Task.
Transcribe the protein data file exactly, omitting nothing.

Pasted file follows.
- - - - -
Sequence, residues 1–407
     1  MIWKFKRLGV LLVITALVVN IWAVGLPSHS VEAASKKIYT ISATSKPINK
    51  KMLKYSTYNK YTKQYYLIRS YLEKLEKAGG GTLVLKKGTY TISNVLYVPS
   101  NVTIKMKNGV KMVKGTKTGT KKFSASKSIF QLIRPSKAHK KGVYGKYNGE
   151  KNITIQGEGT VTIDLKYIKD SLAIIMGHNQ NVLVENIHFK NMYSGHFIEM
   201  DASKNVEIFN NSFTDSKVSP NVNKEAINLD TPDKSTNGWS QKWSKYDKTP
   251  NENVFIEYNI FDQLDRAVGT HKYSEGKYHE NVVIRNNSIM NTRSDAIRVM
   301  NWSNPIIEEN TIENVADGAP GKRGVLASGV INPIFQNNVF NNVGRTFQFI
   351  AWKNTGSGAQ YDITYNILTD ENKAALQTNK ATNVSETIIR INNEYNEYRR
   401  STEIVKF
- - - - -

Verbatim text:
Sequence, residues 1–407
     1  MIWKFKRLGV LLVITALVVN IWAVGLPSHS VEAASKKIYT ISATSKPINK
    51  KMLKYSTYNK YTKQYYLIRS YLEKLEKAGG GTLVLKKGTY TISNVLYVPS
   101  NVTIKMKNGV KMVKGTKTGT KKFSASKSIF QLIRPSKAHK KGVYGKYNGE
   151  KNITIQGEGT VTIDLKYIKD SLAIIMGHNQ NVLVENIHFK NMYSGHFIEM
   201  DASKNVEIFN NSFTDSKVSP NVNKEAINLD TPDKSTNGWS QKWSKYDKTP
   251  NENVFIEYNI FDQLDRAVGT HKYSEGKYHE NVVIRNNSIM NTRSDAIRVM
   301  NWSNPIIEEN TIENVADGAP GKRGVLASGV INPIFQNNVF NNVGRTFQFI
   351  AWKNTGSGAQ YDITYNILTD ENKAALQTNK ATNVSETIIR INNEYNEYRR
   401  STEIVKF